The beginning is the most important part of the work, Plato said. The sentiment holds true whether starting a business, a home improvement project or a real estate deal. What happens at the start lays the foundation upon which everything else is built, often setting the tone for how the future will play out. Lessons are learned, indelible memories made. Perhaps that is why another philosopher so memorably stated that you never forget your first time.
Nicholas Colombos and Angela Dooley certainly know a thing or two about firsts. As the founding agents for Compass on Long Island, the duo has pioneered not only a real estate business but the building of a real estate team, a sterling reputation and a base of knowledge that is second to none. Colombos and Dooley have countless memories when they back on their start together, but when it comes to the initial deals they landed as individuals, the recollections are equally unforgettable.
“The first real estate transaction was the sale of my neighbor’s home!” Dooley recalls. “It was a bittersweet event, as I was extremely happy to have sold my first home—setting a sales record in my area—but on the other hand I was extremely sad that I was losing one of my best friends, as they were moving out of town.”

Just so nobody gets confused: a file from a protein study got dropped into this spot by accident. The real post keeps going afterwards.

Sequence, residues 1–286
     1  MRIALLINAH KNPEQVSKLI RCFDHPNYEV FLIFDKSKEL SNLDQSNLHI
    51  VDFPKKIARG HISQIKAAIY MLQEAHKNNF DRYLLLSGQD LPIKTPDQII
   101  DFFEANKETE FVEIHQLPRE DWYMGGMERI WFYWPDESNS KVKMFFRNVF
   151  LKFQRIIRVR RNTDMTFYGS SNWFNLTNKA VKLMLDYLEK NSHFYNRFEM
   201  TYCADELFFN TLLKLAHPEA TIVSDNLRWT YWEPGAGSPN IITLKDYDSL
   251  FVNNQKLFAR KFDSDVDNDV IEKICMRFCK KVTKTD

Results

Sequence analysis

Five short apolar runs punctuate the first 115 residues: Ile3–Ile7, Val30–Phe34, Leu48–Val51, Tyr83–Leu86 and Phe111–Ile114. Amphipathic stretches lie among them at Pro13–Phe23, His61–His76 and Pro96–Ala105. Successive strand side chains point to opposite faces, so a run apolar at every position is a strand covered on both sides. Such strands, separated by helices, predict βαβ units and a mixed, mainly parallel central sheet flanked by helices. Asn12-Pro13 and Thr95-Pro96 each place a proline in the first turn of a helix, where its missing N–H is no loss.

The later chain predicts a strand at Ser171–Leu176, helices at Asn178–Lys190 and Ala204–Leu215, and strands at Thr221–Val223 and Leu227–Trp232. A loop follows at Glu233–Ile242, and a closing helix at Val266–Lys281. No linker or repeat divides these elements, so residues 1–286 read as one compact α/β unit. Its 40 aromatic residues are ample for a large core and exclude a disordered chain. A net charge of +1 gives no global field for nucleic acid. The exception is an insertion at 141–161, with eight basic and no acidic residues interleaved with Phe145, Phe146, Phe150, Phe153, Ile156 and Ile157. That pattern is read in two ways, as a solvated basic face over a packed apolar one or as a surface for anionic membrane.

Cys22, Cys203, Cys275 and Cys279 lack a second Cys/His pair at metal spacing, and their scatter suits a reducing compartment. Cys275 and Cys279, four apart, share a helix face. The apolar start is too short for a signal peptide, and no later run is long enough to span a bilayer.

Such an intertwining of the personal and professional is very much at the heart of how both Dooley and Colombos approach things.
“My very first deal in real estate was a rental on Allen Street off of Canal in NYC,” Colombos recounts. “I was working as a new agent with Sopher Real Estate and received a cold call from the front desk to show this dilapidated prewar rental building to a prospective renter. I think the manager had nobody else to give the call to.
“We arrive at the building only to find a drunk super in the main lobby with the keys to the walk-up apartment,” he continues. “We walk up seven flights in the afternoon July heat, enter the two-bedroom railroad apartment with tub and toilet in the kitchen, and find two mice chasing each other from one side of the apartment to the other. I was shocked and jumped on the kitchen counter while the prospective buyers stood there motionless.”
Naturally, the story can’t end there.
“I remember feeling that this deal was not going to happen,” he says, “but was surprised they still wanted the apartment and signed a lease.